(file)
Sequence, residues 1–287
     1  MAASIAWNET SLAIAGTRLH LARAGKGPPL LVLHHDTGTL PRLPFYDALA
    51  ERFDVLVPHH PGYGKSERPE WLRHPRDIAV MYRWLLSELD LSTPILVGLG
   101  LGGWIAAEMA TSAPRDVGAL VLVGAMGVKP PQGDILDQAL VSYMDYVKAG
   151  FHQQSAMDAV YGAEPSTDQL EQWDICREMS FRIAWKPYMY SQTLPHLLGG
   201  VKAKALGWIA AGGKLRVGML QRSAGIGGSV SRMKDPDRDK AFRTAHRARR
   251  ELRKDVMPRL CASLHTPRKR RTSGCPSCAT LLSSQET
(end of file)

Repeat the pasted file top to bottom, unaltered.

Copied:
Sequence, residues 1–287
     1  MAASIAWNET SLAIAGTRLH LARAGKGPPL LVLHHDTGTL PRLPFYDALA
    51  ERFDVLVPHH PGYGKSERPE WLRHPRDIAV MYRWLLSELD LSTPILVGLG
   101  LGGWIAAEMA TSAPRDVGAL VLVGAMGVKP PQGDILDQAL VSYMDYVKAG
   151  FHQQSAMDAV YGAEPSTDQL EQWDICREMS FRIAWKPYMY SQTLPHLLGG
   201  VKAKALGWIA AGGKLRVGML QRSAGIGGSV SRMKDPDRDK AFRTAHRARR
   251  ELRKDVMPRL CASLHTPRKR RTSGCPSCAT LLSSQET